“Sorry”, the only classic ballad on the record, is also a standout track, because it strips away the excessive vocal effects and electro-flourishes of the previous (and successive) songs, just giving us Halsey’s emotive voice over a somber piano. Again, the lyrics veer too much into the general woes of failed relationship blues, but the way Halsey sounds like she’s about to cry, with her voice cracking beautifully during the chorus, is quite moving. Unfortunately, after this peak it’s precipitously downwards for the rest of the album, with only “Walls Could Talk”, “Bad at Love”, and “Strangers” managing to push back against the tide. The interlude “Good Mourning” is yet more filler, while “Lie”, which features guest vocals from Quavo, and “Don’t Play” are rather bad. “Don’t Play”, which details nights of drinks, parties, and debauchery, contains the worst lines of the album, where Halsey compares cocaine to cheese: “Runnin’ lines like a marathon / Got it all white like parmesan / I am not the type to be out past dawn / Tomorrow got a flight headed to Taiwan.”

“Walls Could Talk”, which provides a sigh of relief between “Lie” and “Don’t Play”, is a lesson in “less is more” — it’s catchy, simple, and an entirely satisfying song that lasts under two minutes and doesn’t feel the need to overstay its welcome. “Bad at Love” sees Halsey detailing four failed relationships in rapid-fire rhymes; although Halsey has referenced being bisexual in interviews, it’s only in “Bad at Love” and “Strangers” that she references loving women. “Bad at Love”, while feeling a little bit like a throwback to mid-2000s pop, is notable for painting Halsey’s relationships with men and women with the same brush, which is certainly not common even in 2017. “Strangers”, a duet with Lauren Jauregui of Fifth Harmony, details a failed relationship with another woman, and provides a rather great combination of both Halsey’s and Jauregui’s voices even if the lyrics veer a little too much into the generic: “I miss the mornings with you laying in my bed / I miss the memories replaying in my head.” I want to push back and ask Halsey: what memories? What kinds of memories? What did they make you feel?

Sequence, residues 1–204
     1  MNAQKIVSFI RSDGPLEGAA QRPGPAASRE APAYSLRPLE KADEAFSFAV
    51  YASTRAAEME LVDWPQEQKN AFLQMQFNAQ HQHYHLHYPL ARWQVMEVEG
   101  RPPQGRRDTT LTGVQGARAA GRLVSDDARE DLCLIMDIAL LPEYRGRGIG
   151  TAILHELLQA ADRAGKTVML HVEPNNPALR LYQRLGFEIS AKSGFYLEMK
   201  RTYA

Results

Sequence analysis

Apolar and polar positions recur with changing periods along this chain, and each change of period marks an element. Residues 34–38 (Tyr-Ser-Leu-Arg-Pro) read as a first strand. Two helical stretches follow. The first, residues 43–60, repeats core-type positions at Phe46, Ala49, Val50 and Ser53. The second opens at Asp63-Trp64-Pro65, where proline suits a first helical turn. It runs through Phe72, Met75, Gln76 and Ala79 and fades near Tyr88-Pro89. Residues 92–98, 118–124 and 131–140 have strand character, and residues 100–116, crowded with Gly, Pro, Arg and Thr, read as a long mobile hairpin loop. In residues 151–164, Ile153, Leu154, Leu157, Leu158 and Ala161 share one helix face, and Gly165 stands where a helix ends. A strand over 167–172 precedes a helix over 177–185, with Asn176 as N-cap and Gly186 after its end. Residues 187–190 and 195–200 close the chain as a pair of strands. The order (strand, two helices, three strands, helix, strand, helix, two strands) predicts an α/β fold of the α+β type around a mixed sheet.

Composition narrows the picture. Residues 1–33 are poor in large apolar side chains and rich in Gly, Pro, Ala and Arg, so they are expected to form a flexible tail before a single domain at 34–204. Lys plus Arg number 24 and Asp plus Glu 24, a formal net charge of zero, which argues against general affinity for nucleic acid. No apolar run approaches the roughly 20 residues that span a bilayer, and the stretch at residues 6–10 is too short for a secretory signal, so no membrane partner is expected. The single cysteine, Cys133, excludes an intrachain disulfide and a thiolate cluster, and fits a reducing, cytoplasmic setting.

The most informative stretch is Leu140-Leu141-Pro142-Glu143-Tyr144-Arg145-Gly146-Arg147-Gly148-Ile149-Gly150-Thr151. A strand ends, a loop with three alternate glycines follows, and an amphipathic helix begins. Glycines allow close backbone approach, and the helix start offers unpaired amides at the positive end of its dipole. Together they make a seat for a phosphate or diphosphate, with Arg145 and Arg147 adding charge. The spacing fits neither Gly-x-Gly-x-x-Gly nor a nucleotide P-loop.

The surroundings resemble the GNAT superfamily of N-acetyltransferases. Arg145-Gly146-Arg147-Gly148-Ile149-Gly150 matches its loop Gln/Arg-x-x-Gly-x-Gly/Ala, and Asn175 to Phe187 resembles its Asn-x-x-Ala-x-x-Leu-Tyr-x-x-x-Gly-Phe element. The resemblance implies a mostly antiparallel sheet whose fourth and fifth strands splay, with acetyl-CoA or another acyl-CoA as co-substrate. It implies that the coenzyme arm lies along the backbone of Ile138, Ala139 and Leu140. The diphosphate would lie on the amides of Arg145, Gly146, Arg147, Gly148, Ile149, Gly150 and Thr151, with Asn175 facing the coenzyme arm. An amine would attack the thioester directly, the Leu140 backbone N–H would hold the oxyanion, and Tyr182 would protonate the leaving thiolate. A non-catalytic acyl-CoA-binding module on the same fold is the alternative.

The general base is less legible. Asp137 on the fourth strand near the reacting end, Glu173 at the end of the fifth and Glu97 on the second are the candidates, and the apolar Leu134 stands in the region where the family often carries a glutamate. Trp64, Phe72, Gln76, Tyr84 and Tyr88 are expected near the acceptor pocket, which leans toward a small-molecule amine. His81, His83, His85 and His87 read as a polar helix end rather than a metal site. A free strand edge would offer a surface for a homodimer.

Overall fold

Hopeless Fountain Kingdom closes with a trio of songs that failed to make much of an impression: “Angel on Fire”, “Devil in Me”, and “Hopeless”, although “Angel on Fire” contains the most teenager-y line of the album, when Halsey opines that “nobody seems to ask about me anymore / And nobody seems to care ’bout anything I think.” Upon checking the track listing of the album, I learned that the 16-track version I had listened to was the deluxe version, while the standard edition omits “Walls Could Talk”, “Angel on Fire”, and, curiously, “Heaven in Hiding”. I have to ask: when you’re writing a concept album, where the precise order of songs is so vital to the unfolding of narrative, doesn’t having two versions of the album defeat the purpose? I understand that having special and deluxe editions are to encourage people to spend more money (and often, to buy the album several times over to get specific tracks available from one retailer), but they strike me, in general, as pretty cynical cash-grab opportunities.

Perhaps, having tasted mainstream fame when she performed guest vocals for the Chainsmokers’ juggernaut hit “Closer”, Halsey went back to the drawing board hoping to recreate that same top-40 impact, a desire which is all too visible in club-ready numbers like “Eyes Closed”, “Now or Never”, “Lie”, and “Don’t Play”. Where Badlands established Halsey as one of the more talented and dynamic artists of her generation, Hopeless Fountain Kingdom is both overambitious in theory and mundane in practice.

RATING 4 / 10